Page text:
Vancouverites seeking justice have taken to the internet in droves to post pictures of those involved in the Stanley Cup riots, but lawyers say the amateur photographers may have more work ahead of them.
Many people suspected to have been involved in Wednesday’s riot are already being tried in the court of public opinion as their photos are displayed on Facebook and websites dedicated to shaming hockey hooligans.
Criminal lawyer Michael Shapray says that the people who took those photographs may be called upon to testify in court.
“I would think that the police would want to gather as much information about the people submitting the videos and the photographs as they can, because in a court of law you have to be able to call a witness who took a video or took a picture to testify that is what they took and that is an accurate representation of what they saw,” he told CTV News.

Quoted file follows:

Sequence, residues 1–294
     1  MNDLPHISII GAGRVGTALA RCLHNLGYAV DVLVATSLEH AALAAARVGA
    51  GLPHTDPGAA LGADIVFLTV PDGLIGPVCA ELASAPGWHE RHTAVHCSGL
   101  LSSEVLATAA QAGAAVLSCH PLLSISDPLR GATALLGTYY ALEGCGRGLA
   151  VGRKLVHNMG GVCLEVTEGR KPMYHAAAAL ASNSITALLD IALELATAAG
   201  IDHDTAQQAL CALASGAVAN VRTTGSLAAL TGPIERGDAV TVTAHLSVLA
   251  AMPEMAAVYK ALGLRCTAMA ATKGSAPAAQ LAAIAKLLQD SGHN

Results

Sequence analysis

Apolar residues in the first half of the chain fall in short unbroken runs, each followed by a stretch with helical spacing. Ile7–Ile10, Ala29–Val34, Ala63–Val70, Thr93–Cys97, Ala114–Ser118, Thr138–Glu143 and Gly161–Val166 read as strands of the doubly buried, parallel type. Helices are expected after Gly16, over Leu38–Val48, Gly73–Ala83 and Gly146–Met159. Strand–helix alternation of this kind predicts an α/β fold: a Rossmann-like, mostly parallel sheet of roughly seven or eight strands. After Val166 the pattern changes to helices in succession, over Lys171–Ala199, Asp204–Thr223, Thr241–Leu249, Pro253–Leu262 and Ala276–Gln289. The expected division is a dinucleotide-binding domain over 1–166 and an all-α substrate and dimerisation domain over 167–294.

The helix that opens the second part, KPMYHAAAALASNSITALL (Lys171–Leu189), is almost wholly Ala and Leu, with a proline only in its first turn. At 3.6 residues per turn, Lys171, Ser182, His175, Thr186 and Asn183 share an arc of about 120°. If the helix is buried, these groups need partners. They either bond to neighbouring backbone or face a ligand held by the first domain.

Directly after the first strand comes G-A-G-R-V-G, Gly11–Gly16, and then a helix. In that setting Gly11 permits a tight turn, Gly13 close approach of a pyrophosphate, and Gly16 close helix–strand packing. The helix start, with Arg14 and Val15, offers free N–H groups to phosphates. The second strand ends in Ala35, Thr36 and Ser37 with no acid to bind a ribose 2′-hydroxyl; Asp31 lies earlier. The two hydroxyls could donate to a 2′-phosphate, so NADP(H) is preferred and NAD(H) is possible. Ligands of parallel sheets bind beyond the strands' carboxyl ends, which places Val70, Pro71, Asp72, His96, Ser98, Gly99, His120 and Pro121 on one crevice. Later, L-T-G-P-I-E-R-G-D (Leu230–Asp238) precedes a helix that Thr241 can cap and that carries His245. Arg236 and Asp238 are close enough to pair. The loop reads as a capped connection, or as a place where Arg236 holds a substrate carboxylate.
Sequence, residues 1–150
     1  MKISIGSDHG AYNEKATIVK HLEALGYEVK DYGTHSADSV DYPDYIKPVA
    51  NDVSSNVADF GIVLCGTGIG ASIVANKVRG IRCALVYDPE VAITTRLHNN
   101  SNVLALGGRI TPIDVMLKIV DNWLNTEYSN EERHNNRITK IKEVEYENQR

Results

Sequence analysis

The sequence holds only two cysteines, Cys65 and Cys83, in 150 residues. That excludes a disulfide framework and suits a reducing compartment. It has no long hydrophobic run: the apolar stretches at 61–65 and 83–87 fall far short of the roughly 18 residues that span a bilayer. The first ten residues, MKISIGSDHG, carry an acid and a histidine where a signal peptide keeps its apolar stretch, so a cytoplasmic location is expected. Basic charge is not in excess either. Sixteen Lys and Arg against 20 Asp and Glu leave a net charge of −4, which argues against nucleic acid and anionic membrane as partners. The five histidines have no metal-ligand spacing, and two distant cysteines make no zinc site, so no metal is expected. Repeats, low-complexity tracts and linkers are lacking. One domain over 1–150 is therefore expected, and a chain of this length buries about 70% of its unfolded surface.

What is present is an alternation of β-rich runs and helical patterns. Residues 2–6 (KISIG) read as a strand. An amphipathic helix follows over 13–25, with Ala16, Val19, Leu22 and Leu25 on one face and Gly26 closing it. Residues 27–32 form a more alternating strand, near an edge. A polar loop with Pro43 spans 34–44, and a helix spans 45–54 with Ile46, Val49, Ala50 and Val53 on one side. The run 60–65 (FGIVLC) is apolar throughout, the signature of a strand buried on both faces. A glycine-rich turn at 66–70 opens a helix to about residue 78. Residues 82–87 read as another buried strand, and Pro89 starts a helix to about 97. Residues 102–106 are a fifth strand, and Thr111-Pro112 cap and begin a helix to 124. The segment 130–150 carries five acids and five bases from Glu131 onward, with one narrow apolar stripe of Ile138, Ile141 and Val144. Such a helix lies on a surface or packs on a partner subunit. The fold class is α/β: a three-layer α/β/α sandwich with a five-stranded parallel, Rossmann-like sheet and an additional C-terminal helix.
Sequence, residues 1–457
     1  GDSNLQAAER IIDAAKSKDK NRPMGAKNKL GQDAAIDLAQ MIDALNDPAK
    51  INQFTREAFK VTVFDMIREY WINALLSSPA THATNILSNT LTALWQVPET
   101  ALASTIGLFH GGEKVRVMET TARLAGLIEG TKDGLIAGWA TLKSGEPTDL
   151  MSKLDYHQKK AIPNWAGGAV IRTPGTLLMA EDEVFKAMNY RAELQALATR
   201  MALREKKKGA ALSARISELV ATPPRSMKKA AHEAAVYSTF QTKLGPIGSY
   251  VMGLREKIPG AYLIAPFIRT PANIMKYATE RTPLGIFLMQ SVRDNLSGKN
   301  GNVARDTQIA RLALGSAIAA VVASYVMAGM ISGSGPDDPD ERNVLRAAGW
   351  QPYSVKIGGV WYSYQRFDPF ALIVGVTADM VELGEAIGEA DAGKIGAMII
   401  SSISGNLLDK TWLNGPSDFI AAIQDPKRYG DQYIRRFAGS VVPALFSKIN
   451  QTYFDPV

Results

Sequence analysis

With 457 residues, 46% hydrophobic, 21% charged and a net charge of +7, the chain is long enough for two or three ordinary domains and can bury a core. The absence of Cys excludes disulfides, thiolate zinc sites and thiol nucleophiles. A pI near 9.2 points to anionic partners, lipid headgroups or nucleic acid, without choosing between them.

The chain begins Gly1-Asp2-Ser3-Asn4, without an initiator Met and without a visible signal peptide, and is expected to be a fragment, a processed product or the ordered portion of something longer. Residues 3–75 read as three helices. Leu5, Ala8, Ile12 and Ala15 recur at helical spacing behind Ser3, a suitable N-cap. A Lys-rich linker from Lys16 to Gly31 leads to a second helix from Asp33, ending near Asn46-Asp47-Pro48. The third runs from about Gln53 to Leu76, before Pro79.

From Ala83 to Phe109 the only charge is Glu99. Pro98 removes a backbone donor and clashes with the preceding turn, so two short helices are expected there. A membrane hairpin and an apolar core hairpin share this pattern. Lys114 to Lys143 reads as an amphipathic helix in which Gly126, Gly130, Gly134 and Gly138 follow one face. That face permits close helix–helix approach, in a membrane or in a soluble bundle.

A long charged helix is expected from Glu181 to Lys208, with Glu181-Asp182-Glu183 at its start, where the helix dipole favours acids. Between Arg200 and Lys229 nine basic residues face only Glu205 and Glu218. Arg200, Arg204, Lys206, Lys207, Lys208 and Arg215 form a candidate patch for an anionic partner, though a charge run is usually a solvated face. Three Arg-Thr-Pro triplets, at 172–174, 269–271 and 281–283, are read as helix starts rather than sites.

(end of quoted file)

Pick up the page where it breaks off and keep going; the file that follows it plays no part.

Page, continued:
High definition video that captures a sequence of events is harder to refute.
“Video evidence clearly will show something that’s not just snapped out of context or in a context we don’t know of,” Shapray said.
He says that the photographic proof piling up so far should ensure criminal convictions for many rioters, but the severity of the punishments will depend on the crimes.
“From the evidence we’ve seen already, it’s clear that some people will be convicted. It’s hard to tell yet how many people they’ll be able to bring to justice, but I would think there would be a number of convictions,” he said.
Some suspected rioters have already buckled under the pressure of public scrutiny, turning themselves in to police after their photographs were posted online. Others named as appearing in pictures have earned worldwide infamy without even being officially charged.
With a report from CTV British Columbia’s Bhinder Sajan